Stage 1: Finding
Any IT professional worth a weight will have a comprehensive network inventory before implementing a patch management process and conduct an IT evaluation to understand the types of devices, hardware, systems, operating systems, OS versions and software and application applications in use throughout your enterprise. As companies grow, IT resources are tightened and systems are often neglected and forgotten. The sheets are hard to keep up and so the many systems and programs used can be lost from internal IT.
Step 2: Priority & Categorization
With good understanding of our IT environment and infrastructure, our systems and/or users need to be segmented according to their risk or priority. At the user’s level, the C-Suite and users who often have to share, download, or install programs should be given priority. In particular, users who often share documents by e-mail or online can be considered as ‘high risk,’ as they are more vulnerable to external threats. Looking at hardware, you could give preference to a laptop that is seldom used to serve and critical business hardware of the company.
Step 3: Creation of patch management policies
We then develop patching requirements by determining which systems, users and software have to be patched, under which conditions and in the frequency of upgrading of these systems/users. You can make sure, for example, that certain systems or users (liked patching employee laptops weekly) are patched more regularly and automatically compared to a server or network firewall, which could take more manual and less frequent updates.
Step 4: New patch and vulnerability monitoring
Modern firms use a range and each one of their patch releases and vulnerability communications schedules, in terms of systems, software and digital products. Whilst time consuming, it is important that your team takes the time to catalog each technology vendor, its main vulnerability and product notifications page (e.g. Sonic Wall Product Notifications). The creation of an organized patch release or notification feed saves your team over a year for hours (maybe days). The second (sometimes fourth) Tuesday of each month patches for Microsoft’s “patch Tuesday,” for example.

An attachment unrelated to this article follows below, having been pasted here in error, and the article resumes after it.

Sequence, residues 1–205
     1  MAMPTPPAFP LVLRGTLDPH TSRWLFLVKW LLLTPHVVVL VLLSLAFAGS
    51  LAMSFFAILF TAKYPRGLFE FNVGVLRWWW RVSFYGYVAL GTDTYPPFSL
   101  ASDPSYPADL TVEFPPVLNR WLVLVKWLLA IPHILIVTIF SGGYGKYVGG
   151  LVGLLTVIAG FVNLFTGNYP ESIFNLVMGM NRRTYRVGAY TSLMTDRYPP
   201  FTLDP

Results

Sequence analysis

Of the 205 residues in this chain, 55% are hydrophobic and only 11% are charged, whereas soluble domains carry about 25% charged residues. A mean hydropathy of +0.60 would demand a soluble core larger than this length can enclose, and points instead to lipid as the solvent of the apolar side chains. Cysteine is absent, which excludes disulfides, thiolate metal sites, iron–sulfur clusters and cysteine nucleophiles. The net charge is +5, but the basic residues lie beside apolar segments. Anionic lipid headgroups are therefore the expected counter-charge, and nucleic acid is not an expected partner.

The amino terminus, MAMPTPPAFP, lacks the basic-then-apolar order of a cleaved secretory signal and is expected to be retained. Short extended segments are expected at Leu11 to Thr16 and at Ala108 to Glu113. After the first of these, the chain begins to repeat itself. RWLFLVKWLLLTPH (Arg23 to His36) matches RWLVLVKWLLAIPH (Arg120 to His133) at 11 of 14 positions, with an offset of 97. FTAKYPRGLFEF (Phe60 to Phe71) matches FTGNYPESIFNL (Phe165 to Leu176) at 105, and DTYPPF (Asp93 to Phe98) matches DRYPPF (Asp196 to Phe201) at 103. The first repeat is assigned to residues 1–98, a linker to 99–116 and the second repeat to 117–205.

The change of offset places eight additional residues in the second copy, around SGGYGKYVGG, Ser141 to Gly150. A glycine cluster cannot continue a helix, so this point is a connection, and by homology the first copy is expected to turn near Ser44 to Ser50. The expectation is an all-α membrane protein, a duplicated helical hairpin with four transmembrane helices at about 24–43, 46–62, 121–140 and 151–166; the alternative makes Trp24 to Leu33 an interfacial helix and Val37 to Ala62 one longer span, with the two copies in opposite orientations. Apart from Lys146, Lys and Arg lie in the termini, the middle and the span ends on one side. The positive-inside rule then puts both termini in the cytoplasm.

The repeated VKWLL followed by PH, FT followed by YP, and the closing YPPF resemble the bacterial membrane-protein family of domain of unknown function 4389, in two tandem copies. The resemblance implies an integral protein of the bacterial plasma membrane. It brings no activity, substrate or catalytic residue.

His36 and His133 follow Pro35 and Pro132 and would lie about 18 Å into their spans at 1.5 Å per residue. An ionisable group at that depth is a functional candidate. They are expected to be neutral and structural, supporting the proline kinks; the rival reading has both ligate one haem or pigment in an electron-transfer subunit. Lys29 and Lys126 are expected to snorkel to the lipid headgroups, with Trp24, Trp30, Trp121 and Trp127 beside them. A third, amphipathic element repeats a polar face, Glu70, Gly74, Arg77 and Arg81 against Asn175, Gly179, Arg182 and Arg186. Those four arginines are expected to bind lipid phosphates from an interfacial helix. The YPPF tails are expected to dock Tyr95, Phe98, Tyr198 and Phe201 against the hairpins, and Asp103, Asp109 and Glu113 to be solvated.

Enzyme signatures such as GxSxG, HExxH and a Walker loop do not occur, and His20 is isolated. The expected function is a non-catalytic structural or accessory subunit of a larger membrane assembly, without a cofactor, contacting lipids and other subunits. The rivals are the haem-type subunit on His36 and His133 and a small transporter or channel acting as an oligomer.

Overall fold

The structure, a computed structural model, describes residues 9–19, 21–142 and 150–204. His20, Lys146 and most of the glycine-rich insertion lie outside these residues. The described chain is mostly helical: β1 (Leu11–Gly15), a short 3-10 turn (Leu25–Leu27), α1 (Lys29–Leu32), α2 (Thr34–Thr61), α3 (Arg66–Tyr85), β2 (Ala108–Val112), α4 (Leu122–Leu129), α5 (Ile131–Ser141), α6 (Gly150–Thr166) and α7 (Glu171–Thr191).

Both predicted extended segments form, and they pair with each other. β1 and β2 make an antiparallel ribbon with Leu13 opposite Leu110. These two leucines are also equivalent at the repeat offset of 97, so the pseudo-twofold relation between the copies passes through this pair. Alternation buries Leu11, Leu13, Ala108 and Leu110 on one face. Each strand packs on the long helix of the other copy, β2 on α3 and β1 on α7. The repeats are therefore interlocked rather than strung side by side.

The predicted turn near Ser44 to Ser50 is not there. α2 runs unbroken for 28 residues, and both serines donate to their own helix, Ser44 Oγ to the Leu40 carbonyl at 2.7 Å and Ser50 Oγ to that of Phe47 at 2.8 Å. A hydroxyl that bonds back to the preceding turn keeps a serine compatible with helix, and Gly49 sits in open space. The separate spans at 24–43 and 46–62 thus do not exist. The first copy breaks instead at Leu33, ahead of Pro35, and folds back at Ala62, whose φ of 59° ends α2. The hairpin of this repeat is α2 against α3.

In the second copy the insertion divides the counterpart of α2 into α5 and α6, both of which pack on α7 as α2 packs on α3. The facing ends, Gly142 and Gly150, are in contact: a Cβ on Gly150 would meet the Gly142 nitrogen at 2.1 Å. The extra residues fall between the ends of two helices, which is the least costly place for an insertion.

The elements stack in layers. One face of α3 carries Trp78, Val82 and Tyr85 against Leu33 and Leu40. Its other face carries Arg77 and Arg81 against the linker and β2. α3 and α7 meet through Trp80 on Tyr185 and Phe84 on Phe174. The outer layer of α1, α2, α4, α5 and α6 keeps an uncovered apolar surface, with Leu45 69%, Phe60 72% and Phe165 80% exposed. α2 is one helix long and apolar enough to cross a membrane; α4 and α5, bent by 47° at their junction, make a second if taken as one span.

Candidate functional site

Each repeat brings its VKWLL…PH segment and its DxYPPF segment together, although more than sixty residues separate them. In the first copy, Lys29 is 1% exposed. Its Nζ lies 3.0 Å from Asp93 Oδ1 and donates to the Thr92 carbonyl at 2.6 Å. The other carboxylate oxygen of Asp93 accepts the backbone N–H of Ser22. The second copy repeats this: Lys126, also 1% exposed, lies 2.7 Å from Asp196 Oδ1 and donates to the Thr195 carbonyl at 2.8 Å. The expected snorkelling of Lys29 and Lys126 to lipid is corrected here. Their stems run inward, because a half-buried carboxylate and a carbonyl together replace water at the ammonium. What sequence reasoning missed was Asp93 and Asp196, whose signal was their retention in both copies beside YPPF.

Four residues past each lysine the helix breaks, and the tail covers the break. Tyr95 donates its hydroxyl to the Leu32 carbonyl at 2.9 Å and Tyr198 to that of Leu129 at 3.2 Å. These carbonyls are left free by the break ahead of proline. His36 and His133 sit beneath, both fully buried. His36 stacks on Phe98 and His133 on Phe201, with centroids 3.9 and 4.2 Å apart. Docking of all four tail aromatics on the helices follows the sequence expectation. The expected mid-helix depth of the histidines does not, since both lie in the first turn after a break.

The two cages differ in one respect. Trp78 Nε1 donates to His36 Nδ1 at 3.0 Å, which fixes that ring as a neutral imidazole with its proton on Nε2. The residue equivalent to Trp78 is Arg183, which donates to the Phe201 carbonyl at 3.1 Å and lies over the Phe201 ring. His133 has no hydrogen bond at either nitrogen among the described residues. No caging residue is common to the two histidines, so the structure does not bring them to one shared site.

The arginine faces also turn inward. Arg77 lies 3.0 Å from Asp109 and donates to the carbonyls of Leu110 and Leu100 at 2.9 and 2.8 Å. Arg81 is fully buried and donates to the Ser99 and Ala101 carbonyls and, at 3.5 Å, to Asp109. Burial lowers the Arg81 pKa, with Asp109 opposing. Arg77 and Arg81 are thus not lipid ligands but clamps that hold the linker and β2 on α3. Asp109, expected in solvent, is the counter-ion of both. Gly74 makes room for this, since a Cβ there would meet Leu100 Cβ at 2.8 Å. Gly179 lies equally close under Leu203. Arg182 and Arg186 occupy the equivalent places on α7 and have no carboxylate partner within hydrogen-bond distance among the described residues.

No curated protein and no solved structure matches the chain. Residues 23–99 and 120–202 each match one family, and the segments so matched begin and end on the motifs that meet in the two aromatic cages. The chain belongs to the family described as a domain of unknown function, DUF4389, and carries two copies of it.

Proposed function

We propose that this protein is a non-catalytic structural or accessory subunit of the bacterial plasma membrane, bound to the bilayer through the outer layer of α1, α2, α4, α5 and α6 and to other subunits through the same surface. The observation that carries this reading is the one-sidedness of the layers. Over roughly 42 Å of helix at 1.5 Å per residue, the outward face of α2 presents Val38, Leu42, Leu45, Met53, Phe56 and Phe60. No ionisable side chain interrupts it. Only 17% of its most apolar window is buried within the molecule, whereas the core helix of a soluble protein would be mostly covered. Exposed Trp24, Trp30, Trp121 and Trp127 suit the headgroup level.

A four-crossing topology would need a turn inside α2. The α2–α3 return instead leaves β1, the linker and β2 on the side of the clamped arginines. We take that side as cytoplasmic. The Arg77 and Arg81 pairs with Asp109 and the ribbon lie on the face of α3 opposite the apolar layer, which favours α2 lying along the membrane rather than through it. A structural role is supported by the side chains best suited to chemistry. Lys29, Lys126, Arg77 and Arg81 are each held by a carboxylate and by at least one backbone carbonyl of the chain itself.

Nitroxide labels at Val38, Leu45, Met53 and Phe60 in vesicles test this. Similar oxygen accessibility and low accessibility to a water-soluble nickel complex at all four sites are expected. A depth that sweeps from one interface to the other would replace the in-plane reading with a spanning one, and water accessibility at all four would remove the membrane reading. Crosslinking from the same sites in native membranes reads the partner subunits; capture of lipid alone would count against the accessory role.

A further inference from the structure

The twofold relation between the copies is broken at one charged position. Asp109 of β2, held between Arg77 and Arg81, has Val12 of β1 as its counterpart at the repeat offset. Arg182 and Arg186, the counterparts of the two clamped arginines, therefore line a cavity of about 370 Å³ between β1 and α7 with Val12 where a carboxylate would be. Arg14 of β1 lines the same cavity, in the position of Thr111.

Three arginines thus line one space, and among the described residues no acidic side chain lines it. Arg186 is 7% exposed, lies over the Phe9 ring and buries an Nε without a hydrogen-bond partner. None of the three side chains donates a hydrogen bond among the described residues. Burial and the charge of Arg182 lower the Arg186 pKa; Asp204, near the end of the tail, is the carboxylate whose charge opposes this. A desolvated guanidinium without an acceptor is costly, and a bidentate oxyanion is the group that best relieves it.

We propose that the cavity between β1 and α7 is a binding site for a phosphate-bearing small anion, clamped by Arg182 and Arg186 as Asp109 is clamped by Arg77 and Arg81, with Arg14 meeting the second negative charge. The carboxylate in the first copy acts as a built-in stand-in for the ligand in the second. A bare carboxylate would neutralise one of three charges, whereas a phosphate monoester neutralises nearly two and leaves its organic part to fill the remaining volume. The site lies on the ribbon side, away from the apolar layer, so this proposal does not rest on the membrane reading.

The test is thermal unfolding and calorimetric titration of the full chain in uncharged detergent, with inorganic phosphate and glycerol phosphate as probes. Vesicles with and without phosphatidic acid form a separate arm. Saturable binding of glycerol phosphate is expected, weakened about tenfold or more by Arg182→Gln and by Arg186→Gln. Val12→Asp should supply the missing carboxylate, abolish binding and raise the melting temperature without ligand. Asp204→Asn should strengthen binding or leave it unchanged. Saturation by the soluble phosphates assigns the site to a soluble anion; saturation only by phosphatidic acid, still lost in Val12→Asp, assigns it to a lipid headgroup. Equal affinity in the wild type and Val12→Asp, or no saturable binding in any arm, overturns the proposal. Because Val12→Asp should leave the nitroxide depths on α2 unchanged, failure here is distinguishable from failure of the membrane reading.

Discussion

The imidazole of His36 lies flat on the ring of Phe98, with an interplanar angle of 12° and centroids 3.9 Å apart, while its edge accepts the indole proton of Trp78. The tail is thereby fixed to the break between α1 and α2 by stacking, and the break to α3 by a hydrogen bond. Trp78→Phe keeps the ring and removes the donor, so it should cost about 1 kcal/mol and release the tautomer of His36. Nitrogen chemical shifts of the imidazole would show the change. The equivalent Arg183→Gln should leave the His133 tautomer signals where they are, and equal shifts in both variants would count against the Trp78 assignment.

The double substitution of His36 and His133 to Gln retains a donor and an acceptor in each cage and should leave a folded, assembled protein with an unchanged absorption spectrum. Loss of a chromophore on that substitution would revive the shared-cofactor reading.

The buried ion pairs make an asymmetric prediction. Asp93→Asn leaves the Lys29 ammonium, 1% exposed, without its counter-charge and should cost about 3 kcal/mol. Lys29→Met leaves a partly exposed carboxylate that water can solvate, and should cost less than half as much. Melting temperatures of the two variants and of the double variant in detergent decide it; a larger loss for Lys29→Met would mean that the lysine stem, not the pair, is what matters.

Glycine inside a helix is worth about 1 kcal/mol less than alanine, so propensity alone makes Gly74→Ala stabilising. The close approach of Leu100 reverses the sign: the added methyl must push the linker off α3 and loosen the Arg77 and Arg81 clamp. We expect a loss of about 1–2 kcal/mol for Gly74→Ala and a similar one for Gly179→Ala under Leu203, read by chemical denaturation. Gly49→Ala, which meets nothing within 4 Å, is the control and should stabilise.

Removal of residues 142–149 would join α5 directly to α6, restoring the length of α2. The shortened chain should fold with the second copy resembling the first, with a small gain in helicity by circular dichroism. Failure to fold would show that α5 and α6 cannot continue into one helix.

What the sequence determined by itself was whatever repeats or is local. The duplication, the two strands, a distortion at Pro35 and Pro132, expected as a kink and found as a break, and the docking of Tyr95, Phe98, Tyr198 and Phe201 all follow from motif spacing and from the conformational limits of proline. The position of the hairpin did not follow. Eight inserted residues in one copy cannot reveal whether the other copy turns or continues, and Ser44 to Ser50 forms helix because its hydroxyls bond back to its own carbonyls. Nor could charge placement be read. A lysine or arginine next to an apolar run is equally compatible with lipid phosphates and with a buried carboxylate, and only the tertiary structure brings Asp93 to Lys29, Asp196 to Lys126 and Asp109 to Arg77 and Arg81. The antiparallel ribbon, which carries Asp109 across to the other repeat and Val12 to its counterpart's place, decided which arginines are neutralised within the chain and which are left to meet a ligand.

Step 5: Testing of patches
Create a non-production test environment, deploy the patch, and track problems of incompatibility or performance before rolling out patches, especially with mission critical elements, like business servers. We recommend testing patches on a small segment (2 users) to evaluate if any negative effects occur if it is not possible to create a test environment.
Step 6: Management Settings
Document the desired changes and results after the testing phase. If your roll-out goes awry, unintended modifications can be identified and resolved quickly.
Step 7: Patch Out
You will now like to follow the patch management policy established in step three to implement it as necessary, once your team validates the patch.
Step 8: Audit of patches
Take a moment to identify any missed or pending patches, after patch rollout. Monitor these for problems of incompatibility. We advise two tech knowledgeable end users to provide feedback if necessary.
Phase 9: Reporting
The IT is no different for each unit of business. Prepare a monthly patch compliance report to share with the C-Suite and executives when needed. This will ensure that everyone understands the importance and benefits of patch management.
Step 10: Checking, optimizing and repeating
Like most business processes – review, update and repeat steps from 1 to 9 on a regular basis. Look for the End-of-Life (EOL) systems, outdated hardware/machines, revise policy quarterly and, where necessary, revise your patch management policy in terms of effectiveness.